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## AP®︎/College Statistics

### Course: AP®︎/College Statistics > Unit 5

Lesson 4: Least-squares regression- Calculating the equation of a regression line
- Calculating the equation of the least-squares line
- Interpreting slope of regression line
- Interpreting y-intercept in regression model
- Interpreting slope and y-intercept for linear models
- Using least squares regression output
- Using least-squares regression output

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# Interpreting slope of regression line

AP.STATS:

DAT‑1 (EU)

, DAT‑1.H (LO)

, DAT‑1.H.2 (EK)

CCSS.Math: Interpreting slope of regression line.

## Want to join the conversation?

- how do you find the slope if they do not give it to you?(7 votes)
- The slope of a least squares regression can be calculated by m = r(SDy/SDx).

https://www.khanacademy.org/math/statistics-probability/describing-relationships-quantitative-data/regression-library/v/calculating-the-equation-of-a-regression-line

In this case (where the line is given) you can find the slope by dividing delta y by delta x. So a score difference of 15 (dy) would be divided by a study time of 1 hour (dx), which gives a slope of 15/1 = 15.(5 votes)

- How do you interpret the slope when it's a fraction??(3 votes)
- So, first things first we need to know what slope is. Slope is the change in y/change in x; the same thing as rise/run.

Here is an example:

Lets say you have a equation that says y=1/4x+2. Its pretty simple from there. So, we know in the slope intercept formula (y=mx+b) we know that m=slope and b=y intercept. So for the equation I gave you m=1/4 and b=2. So, from the y-intercept (which is 2) you move 4 spaces to the right and 1 space up.

Hope that helps!:)(4 votes)

- what is slope(3 votes)
- rise (y_final - y_initial) over run (x_final - x_initial)(2 votes)

## Video transcript

- [Instructor] Liz's math test
included a survey question asking, how many hours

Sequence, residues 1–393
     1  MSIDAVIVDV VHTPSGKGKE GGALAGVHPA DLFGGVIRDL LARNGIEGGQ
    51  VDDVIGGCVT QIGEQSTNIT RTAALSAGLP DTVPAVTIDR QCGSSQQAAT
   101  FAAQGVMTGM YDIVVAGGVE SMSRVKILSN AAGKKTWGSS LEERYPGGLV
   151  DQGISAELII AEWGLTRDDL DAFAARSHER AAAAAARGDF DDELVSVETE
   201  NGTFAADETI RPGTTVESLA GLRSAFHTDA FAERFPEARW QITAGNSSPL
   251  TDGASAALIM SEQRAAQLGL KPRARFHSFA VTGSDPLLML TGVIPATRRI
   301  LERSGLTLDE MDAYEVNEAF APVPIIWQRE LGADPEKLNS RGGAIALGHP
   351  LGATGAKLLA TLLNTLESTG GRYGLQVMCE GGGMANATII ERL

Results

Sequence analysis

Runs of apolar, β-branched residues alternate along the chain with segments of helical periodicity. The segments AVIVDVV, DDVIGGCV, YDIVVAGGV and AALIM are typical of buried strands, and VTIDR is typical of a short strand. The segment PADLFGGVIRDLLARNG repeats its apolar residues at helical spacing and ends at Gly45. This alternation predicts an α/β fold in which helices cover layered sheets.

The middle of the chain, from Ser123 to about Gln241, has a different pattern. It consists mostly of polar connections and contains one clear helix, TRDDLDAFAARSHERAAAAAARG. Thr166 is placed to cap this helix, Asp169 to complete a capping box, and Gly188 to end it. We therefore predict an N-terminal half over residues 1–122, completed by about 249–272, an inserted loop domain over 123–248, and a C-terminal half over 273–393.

students that spent studying for the test. The scatter plot and trend line below show the relationship between how many hours
students spent studying and their score on the test. The line fitted to the model, the line fitted to model the data has a slope of 15. So, the line they're talking about is right here. So this is the scatter
plot, this shows that some student who spent
some time in between half an hour and an hour studying got a little bit less
than a 45 on the test. This student here, who got a
little bit higher than a 60 spent a little under two hours studying. This student over here,
who looks like they got like a 94, or a 95 spent over four hours studying. And so then they fit a line to it and this line has a slope of 15. And before I even read these choices what's the best
interpretation of this slope? Well, if you think this line
is indicative of the trend, and it does look like that
from this scatter plot, that implies that, roughly every extra hour that you study is going to improve your score by 15. You could say, on average,
according to this regression. So, if we start over here and we were to increase by one hour our score should improve by 15. And it does, indeed, look like that. We're going from, we're going in the horizontal direction,
we're going one hour. And then in the vertical
direction we're going from 45 to 60. So that's how I would interpret it. Every hour, based on this regression, you could, it's not unreasonable to expect 15 points improvement. Or at least that's what we're seeing that's what we're seeing from
the regression of the data. So let's look at which of these choices actually describe something like that. The model predicts that
the student who scored zero studied for an average of 15 hours. No, it definitely doesn't say that. The model predicts that
students who didn't study at all will have an average score of 15 points. No we, we didn't see that. Students, if you take this,
if you believe this model someone who doesn't study at all would get close to would get between 35 and 40 points. So like a 37, or a 38. So, don't like that choice. The model predicts the score will increase 15 points for each additional
hour of study time. Yes, that is exactly what
we were thinking about when we were looking at the model. That's what a slope of 15 tells you. You increase studying time by an hour it increases the score by 15 points. The model predicts that the study time will increase 15 hours for each additional point scored. Well, no. And first of all, the hours is the thing that we use the independent variable and the points being
the dependent variable, and this is phrasing it the other way. And you definitely wouldn't
expect to do an extra 15 hours for each point.